Tuesday, October 15, 2013

Cover Art For The Freedom Thief

A week ago, a new element of the publishing business came into my life: the cover art that will go on my book, The Freedom Thief. I have really been looking forward to this, because I had no idea what the illustrator might have in mind. As an artist, I could envision different ways to paint a cover, but an artist and an illustrator are two totally different animals, at least in the way they look at something and decide how to represent it on canvas or paper.

My first cover was sent to me, and I didn't know what to think. It was brilliantly done...but it was way too esoteric for children. The CA (cover artist) had started with a large tunnel, with a shadowy figure at the far end. At the near right side of the cover, was a depiction of a carriage with four horses. From the end of the tunnel back to the carriage was a brilliant sprawl of light, so that the carriage and horses appeared very faintly in the drawing.

So this was my thought: the tunnel represented the underground tunnel that Ben had led the three slaves through to begin their escape to freedom. The carriage represented the "death coach", which was the final mode of transportation for Ben and the slaves to the point where they had to accomplish the final part of their journey to the Ohio River on foot. The bright light represented the concept of "There's a light at the end of the tunnel"...light in this case meaning freedom.

But I felt it was way over the heads of kids who are 10, 11, 12 years old. I'm not sure even 13 and 14 year olds would actually "get" the concept the cover represented. And then my husband said the light was so bright that it looked "almost God-like, while the figure could represent God or Jesus." Obviously, I didn't want anyone else...any parent...to get that impression, as this is not a book about religion.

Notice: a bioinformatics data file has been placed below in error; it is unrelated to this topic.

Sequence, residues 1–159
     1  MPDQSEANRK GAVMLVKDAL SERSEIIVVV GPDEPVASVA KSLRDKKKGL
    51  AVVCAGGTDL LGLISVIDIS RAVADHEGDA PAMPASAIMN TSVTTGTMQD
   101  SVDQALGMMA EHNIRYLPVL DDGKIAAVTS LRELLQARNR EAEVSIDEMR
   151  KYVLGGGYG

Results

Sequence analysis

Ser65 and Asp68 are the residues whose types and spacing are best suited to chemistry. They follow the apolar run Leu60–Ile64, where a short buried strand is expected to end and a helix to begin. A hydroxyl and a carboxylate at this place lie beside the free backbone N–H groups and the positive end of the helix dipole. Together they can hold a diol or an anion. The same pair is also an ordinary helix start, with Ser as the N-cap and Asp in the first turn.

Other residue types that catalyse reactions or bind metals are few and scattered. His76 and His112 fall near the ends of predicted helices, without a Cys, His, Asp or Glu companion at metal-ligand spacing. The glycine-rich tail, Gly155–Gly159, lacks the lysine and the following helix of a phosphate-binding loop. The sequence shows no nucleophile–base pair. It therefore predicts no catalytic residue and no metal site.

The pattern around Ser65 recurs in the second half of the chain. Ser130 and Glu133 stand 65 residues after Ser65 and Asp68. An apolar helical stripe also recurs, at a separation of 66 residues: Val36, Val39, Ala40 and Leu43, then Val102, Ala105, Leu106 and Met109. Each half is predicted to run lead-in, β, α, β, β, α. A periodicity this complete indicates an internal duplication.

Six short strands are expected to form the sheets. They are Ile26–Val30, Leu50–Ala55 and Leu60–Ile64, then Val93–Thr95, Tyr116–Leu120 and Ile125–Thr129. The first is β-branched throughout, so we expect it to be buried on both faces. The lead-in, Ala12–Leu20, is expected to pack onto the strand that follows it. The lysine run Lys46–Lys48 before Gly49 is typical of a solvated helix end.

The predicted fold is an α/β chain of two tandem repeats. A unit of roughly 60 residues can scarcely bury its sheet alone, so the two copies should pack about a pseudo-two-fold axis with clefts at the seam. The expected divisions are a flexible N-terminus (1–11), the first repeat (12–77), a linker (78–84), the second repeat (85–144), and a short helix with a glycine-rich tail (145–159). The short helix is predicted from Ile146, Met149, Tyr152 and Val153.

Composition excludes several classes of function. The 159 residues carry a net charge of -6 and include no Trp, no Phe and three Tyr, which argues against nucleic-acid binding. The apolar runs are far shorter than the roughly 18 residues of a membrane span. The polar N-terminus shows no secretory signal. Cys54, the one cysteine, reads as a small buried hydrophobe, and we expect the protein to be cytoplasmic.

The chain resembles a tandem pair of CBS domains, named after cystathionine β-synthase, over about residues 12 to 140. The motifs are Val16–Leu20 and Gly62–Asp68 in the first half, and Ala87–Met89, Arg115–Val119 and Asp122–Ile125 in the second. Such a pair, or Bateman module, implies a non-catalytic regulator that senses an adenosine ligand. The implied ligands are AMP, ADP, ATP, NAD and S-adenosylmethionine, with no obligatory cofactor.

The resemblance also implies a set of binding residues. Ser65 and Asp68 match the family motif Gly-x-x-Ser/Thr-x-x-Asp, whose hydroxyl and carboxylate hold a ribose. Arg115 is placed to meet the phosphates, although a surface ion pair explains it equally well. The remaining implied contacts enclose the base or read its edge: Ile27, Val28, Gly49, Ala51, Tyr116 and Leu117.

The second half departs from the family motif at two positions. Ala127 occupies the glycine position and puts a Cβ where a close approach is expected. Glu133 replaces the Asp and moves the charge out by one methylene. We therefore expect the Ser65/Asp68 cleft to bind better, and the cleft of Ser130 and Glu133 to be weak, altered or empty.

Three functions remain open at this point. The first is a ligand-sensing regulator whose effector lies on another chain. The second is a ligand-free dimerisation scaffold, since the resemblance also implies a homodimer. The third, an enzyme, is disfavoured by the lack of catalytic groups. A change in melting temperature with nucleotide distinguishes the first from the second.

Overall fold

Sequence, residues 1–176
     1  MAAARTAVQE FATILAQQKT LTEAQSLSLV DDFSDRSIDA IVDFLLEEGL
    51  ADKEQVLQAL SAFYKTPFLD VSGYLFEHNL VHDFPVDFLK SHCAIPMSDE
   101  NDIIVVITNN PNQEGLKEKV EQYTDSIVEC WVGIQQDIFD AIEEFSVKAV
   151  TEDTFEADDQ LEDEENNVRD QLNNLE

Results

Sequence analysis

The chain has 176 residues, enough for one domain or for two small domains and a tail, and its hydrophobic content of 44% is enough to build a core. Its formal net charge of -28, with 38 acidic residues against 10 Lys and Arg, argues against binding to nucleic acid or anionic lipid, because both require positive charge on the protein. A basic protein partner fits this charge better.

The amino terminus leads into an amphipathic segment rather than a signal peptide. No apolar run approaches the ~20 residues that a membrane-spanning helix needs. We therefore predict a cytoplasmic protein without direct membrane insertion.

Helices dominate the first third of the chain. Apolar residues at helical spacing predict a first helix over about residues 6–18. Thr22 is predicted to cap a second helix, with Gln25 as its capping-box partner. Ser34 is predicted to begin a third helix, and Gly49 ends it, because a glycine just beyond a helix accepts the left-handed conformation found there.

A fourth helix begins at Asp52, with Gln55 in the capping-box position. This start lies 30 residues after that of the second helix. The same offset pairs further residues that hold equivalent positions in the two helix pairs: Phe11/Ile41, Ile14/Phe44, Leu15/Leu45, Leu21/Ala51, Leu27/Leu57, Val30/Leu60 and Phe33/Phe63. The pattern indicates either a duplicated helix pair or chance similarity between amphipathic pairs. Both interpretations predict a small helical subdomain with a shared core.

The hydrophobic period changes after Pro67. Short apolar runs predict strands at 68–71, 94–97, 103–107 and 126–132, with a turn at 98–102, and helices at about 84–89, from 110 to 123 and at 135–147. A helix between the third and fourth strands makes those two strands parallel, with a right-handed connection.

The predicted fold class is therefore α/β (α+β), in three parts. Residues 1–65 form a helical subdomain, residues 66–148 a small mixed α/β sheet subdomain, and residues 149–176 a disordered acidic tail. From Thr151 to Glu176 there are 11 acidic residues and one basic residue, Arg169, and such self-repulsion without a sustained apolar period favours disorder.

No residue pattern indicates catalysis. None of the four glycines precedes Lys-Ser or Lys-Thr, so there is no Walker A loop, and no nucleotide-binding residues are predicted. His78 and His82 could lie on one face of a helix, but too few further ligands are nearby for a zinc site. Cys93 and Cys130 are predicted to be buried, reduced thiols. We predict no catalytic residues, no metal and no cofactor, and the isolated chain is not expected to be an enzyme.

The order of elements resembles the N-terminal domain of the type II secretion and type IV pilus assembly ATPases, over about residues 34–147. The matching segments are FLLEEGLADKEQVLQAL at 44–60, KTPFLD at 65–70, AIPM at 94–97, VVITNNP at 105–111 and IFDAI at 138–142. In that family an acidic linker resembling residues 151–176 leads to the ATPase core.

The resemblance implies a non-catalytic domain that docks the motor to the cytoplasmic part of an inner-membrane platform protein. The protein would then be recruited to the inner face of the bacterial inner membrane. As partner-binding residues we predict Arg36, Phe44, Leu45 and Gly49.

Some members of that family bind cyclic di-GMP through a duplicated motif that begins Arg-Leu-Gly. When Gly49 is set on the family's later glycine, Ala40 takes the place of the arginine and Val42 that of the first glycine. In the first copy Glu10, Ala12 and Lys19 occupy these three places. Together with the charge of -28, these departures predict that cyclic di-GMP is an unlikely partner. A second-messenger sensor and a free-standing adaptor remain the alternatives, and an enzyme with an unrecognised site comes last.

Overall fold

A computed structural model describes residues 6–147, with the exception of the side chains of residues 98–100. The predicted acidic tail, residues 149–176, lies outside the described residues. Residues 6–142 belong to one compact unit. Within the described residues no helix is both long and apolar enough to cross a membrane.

So I sent it back, found out the CA didn't know the book was for 10-14 year olds, and then she told me she would completely redo the cover. She did, and I really like it much better. It's done in sepia tones which makes it appear mysterious and tantalizing. She inserted the tag line for the book between the lines of the title, and I think when kids read that, and look at the cover, they will be intrigued enough to buy it. I hope so!

Tell me what you think!

Until next time,
That's a wrap.


  1. Mikki, it looks great! I'm so happy for you. If you'd like, I can feature your book on my blog for a Friday Feature post. I'm booked through November 15, but pick a Friday after that and email me at khashway(at)hotmail(dot)com.

  2. Mikki,

    I love the cover! It looks so mysterious! Congrats on the book and goodluck with it! Like Kelly, I'd love to do an interview or have you talk about your book on my blog. Just let me know if you are interested and we'll talk!